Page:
Excuse Me, Who did you vote for?
You may be asked this question in this frenzied Presidential election year, but should you answer? From a human resources stand point I would recommend keeping this personal information to yourself. While you and your colleagues may feel comfortable discussing your views and opinions on ecommerce, technology, and video games, be cautious of airing your political opinions.
Perhaps you’ve heard a few of these “one liners” whispered around your workplace lately:
“I don't know if you heard this or not but Fred Thompson has dropped out of the presidential race. Don't worry about Fred, he can always go back to his prestigious fake law firm. ... packing the bags under his eyes” -David Letterman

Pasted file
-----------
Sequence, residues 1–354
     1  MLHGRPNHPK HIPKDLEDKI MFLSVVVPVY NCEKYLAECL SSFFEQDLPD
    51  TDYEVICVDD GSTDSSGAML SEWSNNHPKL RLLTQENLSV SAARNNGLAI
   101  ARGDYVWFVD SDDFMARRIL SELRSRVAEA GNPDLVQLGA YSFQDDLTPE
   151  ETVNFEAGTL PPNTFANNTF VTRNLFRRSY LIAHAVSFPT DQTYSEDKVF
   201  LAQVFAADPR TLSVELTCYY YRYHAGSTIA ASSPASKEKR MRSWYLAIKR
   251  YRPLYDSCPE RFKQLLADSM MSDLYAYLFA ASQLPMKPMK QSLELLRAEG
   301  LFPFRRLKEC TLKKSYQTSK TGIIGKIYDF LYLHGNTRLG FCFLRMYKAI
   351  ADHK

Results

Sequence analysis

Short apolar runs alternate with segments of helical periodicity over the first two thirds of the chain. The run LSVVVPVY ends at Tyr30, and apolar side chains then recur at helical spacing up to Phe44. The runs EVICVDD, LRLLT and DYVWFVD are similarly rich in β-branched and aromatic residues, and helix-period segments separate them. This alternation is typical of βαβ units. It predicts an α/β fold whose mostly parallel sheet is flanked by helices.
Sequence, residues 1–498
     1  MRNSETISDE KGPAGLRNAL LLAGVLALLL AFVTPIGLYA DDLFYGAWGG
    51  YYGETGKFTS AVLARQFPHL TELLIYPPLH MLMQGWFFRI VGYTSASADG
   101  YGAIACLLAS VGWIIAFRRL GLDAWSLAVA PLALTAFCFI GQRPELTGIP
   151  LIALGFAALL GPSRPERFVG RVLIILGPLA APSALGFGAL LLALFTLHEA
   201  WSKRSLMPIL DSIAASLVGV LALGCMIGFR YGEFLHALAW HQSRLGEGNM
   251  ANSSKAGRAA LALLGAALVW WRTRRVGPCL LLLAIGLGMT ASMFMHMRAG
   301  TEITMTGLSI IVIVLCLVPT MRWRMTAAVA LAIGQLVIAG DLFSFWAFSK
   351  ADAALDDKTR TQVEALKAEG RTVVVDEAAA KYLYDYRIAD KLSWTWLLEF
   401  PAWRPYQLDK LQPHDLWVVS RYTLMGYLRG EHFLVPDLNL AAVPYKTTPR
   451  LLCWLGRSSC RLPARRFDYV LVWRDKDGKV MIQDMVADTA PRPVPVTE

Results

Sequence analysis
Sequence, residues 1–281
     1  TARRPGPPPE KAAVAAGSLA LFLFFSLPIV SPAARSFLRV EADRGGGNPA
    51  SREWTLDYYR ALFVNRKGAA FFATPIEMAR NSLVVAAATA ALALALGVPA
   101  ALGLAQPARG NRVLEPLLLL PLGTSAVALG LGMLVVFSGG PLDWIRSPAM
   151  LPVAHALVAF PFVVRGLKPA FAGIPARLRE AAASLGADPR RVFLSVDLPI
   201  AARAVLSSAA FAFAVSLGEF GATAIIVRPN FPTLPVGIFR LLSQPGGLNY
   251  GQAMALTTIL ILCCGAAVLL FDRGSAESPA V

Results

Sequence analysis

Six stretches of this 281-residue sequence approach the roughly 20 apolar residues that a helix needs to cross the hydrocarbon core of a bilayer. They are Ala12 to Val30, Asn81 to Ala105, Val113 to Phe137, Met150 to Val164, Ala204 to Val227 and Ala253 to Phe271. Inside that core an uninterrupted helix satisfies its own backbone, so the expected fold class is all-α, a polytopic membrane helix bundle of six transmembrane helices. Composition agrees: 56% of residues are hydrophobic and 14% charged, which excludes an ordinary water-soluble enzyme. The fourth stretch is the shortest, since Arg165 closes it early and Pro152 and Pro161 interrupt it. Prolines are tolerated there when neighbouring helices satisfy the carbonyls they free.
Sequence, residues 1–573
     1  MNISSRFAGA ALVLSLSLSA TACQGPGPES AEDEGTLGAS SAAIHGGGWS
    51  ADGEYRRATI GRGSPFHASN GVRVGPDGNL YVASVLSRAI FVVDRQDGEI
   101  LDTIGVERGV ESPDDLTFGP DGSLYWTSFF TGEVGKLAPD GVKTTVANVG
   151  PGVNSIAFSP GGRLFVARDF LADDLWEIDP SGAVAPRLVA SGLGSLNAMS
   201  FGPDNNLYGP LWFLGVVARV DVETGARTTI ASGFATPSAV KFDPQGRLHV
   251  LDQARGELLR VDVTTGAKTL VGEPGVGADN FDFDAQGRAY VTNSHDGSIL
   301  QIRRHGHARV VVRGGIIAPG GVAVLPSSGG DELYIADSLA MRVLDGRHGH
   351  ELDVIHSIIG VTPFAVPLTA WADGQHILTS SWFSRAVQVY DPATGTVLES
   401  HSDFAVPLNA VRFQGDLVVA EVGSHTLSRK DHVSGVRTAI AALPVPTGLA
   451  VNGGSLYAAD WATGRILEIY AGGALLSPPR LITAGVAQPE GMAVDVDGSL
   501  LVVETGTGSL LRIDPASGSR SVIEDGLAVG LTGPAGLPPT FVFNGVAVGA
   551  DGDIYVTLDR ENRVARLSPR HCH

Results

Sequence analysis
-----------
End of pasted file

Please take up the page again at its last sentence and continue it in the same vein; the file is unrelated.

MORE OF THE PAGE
As this 2008 Presidential race heats up and consumes the discussions on our televisions, at our dinner tables, and even at work, be aware of what you say at the workplace; political opinions are not protected against discrimination or retaliation. As an “at will employee” if your “Romney loving” boss hates that you volunteer for Hillary Clinton, he or she can fire you. If you are feeling pressured to share your opinions you are not alone. According to a survey done by Vault.com "35 percent of bosses openly share their political views with employees. Nine percent of workers said they've felt pressured to conform to their boss' views." So no matter who tickles your “political fancy” whether it be Barack Obama, John McCain, Mitt Romney, Hillary Clinton, Ron Paul or Mike Huckabee be careful what you say around the office, you don't know who you might end up offending. Perhaps two pieces of tape across the mouth are your best bet.